Do not for a moment imagine that I have low self-esteem. I own who I am, I am humble about my challenges (we all have some), and I am proud of my gifts, abilities and accomplishments.

Do not imagine that I cannot recognize spite and petty jealousy when I see it.

Do not call me a doormat. I am independent and self-sufficient and there is only -one- person who gets to tell me what to do.

Do not call me weak. My way of life requires a reserve of inner strength you only wish you had.

Do not call me passive. I made a carefully considered decision, of my own free will, with clarity of mind, heart and conscience. Our life is a mutual, consensual choice.

Do not call me a bimbo. I have exquisite taste and I don’t wander around dressed like a hooker. My sex life is as private as yours, and probably no kinkier.

And p.s. It’s none of your business anyway.

I have been given the gift of submission, the freedom to surrender, the grace to trust, the privilege to love.

If that bothers you, I’m not the one with the problem.

Everyone should be so lucky as me.

.

(reprinted from 2010)

The Heart of the Matter

To me, love is everything.

The name of my blog, “the space between,” is a reference to that belief. Everything in this life that means anything at all happens in the context of relationship, that “space between” people. And not just people: creatures, groups, nations, objects, ingredients, relationship-scienceskills, elements, atomic particles, nature, physics, heavenly bodies, theories, emotions, opinions and ideas are what they are by virtue of their relationships. They may be relationships of love, friendship, opposition, attraction, admiration, reflection, negation, celebration or humiliation, but they are relationships nonetheless.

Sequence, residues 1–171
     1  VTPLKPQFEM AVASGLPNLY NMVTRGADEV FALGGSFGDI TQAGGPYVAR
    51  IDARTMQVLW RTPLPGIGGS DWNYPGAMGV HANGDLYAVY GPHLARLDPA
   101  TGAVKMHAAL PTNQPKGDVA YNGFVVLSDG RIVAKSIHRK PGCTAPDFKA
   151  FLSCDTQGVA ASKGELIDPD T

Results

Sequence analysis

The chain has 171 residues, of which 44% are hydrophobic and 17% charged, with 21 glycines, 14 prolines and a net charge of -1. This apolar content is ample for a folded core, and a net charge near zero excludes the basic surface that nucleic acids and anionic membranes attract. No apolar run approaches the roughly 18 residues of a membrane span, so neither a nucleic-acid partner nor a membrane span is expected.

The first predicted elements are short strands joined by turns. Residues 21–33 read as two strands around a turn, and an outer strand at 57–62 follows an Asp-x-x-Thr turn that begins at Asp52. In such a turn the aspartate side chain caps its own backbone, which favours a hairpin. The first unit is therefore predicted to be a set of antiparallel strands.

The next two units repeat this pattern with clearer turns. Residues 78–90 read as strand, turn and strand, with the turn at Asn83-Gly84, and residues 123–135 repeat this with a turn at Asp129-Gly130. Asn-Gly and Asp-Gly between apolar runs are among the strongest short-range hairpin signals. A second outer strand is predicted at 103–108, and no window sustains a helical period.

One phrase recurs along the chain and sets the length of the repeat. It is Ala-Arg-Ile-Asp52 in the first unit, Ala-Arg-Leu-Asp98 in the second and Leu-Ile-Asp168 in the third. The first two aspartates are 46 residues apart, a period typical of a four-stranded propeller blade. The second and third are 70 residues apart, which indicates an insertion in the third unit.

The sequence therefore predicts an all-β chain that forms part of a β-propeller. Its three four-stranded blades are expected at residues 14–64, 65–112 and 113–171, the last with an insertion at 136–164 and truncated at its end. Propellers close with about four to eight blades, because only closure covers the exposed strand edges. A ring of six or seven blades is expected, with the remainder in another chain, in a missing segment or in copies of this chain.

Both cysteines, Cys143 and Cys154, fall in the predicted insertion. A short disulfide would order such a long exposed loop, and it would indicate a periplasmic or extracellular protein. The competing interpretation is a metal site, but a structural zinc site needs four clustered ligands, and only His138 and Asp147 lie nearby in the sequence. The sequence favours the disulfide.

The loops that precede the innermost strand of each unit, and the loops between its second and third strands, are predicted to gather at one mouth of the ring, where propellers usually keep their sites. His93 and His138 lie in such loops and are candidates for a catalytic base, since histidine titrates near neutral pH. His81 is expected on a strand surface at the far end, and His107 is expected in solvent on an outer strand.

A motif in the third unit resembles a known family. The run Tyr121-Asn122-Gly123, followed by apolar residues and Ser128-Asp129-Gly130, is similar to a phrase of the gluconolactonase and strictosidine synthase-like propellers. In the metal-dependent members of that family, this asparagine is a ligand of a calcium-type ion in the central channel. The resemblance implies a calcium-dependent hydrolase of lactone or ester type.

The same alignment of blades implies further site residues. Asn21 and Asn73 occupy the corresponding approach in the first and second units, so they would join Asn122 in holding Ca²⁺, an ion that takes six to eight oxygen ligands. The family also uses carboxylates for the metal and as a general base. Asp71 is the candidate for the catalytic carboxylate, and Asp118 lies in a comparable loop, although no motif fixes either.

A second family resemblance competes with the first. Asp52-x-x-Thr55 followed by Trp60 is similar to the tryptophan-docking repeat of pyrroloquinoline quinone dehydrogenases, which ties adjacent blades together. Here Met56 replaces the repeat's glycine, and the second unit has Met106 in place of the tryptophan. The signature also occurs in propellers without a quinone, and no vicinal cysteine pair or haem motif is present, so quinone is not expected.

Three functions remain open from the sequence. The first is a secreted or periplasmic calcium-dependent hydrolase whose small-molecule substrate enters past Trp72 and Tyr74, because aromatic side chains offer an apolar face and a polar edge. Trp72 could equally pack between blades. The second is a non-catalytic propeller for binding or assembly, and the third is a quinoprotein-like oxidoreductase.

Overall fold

Nothing and no one exists in isolation. Everything and everyone is in relationship.

Our opinions and beliefs inhabit our relationships. Our convictions affect how we treat the people in our lives.

My most deeply-held convictions are expressed in a set of guiding principles by which I strive to live. Relationship is at the heart of those principles. I try to live a life filled with love and compassion. I seek and honor the goodness that is in every person as a reflection of divine love. I respect the dignity of every human being, whatever my relationship with them might be.

This is not some insipid, vacuous, feel-good idea. Love is a challenge. It is an urgent, important challenge. If I believe that the universe is built on relationships, what will I contribute to it? What world, what life, what relationships will I create? Will I love only those who love me? Can I love those who hate me? Can I find the presence of divine love in those who do harm? Can I respect the dignity of every human being, even those whose convictions arise from malice?